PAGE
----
What is your company’s greatest asset? That’s a question we often hear – and it has a tried and true response: the people involved in the business. Your employees.
Adi Klevit, CEO of Business Success Consulting Group discussed this question with the founder of The Playbook Builder, John De Luca. John had a different answer than what you often read in business texts.
His response to “What is a company’s greatest asset?” is Wisdom.
This response allowed Adi and John to delve into a deep well of knowledge that covers company culture, knowledge retention, thriving through uncertain economies, and more.
Listen to the interview here, and read the article below to gain a full understanding of why John De Luca states that “wisdom” is a company’s greatest asset.
Wisdom is an Asset in any Economy
Business owners, article-writers, consultants, and entrepreneurs all talk about the people in their businesses being their greatest asset. While your people are extraordinary and valuable, it’s what they know that’s such an asset to your organization. If an individual leaves the company, gets sick or takes a sabbatical, institutional knowledge goes right out of the door.
It’s the same principle when a business owner considers selling their company or even when they are trying to hire people to take on the actions the business owner does. For example, a rainmaker CEO who is the best salesperson around will have an incredibly tough time getting off of the sales line. They might have to hire an entire sales team to attain the same sales the CEO can get.
This leaves that CEO mired in one area of the company when they need to think about the big picture. It also makes it almost impossible for a CEO to take a vacation or get a medical procedure without the sales tanking.
In this example, it is not that the CEO is hiring terrible salespeople. It’s that they are not sharing their years of experience and learned wisdom with their team.
When one considers wisdom as a company’s greatest asset, they can see how this asset affects every aspect of a business, from the availability of mentors to the company culture. If wisdom and institutional knowledge are valued and preserved within the company, then coaching, mentorship, well-documented processes, and more will not only be valued but will be part of the fabric of the business.
How to Draw Out Wisdom
Business owners, executives, and everyday employees are not hoarding knowledge. They are just doing their jobs and, by the nature of how the world works, acquiring specialized knowledge and skills along the way.
So, how does one draw that knowledge out so that it can be understood by others in the company? Here are five ways you can make knowledge retention and sharing part of the company culture.
1. Set up a system for sharing knowledge.
Most businesses do not have a knowledge transfer or knowledge-sharing system. We discussed this in the article titled Is Your Vital Business Information in a Silo.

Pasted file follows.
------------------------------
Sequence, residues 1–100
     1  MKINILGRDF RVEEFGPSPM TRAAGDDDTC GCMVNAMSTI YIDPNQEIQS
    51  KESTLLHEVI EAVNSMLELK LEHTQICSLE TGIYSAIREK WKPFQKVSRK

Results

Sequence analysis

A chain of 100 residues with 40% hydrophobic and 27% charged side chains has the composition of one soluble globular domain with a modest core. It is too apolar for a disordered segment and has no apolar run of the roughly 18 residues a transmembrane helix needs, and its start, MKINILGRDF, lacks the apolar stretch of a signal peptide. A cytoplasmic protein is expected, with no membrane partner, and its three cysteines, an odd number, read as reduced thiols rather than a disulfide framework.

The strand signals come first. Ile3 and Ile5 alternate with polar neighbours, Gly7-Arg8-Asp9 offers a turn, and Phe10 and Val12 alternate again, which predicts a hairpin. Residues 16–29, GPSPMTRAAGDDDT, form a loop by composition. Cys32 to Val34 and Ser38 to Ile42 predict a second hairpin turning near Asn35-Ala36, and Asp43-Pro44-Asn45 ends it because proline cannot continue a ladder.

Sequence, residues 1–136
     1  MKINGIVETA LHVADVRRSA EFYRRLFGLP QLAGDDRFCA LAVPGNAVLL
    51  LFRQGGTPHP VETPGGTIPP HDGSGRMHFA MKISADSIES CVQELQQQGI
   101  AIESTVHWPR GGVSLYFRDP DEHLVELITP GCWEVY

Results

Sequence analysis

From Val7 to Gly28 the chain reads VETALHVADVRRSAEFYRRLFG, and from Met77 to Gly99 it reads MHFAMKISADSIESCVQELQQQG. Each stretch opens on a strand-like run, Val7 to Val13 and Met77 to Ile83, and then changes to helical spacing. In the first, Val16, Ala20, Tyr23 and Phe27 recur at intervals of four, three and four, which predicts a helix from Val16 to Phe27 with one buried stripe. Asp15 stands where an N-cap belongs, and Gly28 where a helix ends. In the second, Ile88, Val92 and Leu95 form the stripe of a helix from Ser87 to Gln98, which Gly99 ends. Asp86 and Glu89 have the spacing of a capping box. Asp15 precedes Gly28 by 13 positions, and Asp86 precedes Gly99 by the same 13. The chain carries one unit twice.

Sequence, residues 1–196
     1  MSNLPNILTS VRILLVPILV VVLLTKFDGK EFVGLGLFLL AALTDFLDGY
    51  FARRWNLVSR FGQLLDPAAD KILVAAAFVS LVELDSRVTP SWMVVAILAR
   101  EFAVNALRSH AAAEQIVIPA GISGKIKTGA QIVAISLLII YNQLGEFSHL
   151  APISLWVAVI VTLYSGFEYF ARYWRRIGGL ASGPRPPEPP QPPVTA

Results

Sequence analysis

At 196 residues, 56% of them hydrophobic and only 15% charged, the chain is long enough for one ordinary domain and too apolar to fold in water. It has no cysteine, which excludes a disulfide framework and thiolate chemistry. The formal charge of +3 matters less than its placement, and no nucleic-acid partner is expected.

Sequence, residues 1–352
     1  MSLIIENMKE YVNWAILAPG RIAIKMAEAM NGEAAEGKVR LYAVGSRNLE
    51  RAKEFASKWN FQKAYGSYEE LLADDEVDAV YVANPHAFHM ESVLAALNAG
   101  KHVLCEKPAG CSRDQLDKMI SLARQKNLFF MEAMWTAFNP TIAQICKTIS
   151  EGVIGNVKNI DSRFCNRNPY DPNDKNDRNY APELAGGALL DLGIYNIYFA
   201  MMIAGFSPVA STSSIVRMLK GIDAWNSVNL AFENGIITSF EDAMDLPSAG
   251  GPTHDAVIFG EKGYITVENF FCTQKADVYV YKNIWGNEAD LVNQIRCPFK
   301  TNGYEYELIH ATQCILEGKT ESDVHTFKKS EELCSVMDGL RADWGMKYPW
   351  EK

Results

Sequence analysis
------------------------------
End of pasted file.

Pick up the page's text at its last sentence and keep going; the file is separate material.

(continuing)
Building a process for sharing knowledge includes:
a. Creating a space where the knowledge can be shared in a searchable, easy-to-access way.
b. Giving employees time to record their specialized knowledge.
c. Making a process for knowledge sharing. This could include step-by-step instructions on what type of knowledge is important, what to do with the information once it’s been recorded, and directions on how to record the knowledge.
d. Provide excellent examples. Have the executive team record their own knowledge and share it with employees as part of initial training.
2. Set aside time to extract crucial knowledge from an employee or CEO.
Getting started is one of the most difficult parts of building a knowledge-sharing culture. Partner with someone else so they can talk you through the various anecdotes you can share and the knowledge you can provide. Doing this with someone else will help you sift through all of the information to find the most valuable nuggets that you can share with your team.
3. Build processes and procedures.
Create processes and procedures for everyday actions. This will bring everyone in the team together and provide a natural opportunity for them to share their knowledge and supply vital information.
4. Acknowledge contributions.
As you and your team build a knowledge base, be sure to acknowledge the vital contributions each team member gives to the overall project. Not only will these acknowledgments spur them to continue the work, but it will also show that you value their information – and that what they know is important.
5. Be a leader.
As mentioned above, one of the best ways to build knowledge-sharing into the culture is to ensure leadership participates. Often, when a business rests on the back of one CEO, it feels as if there is no time for knowledge sharing or discussions which extract vital nuggets from a CEO’s mind. However, when you are busiest, and your fingers are in all of the pies, the best way to extract yourself and get back to doing your best work is to begin this knowledge transfer process.
By building a knowledge-sharing system, you can take a step back from the everyday and work toward your 10X goals. If you are always involved in every aspect of your business, your company will have little to no opportunity to grow. Knowledge transfer and systematization support business growth in the short and long term.
If you have big goals, now is the time to tackle this vital piece of company growth.
Are you ready to tackle knowledge transfer and building processes? Tap into our expertise! Contact the Business Success Consulting Group team today.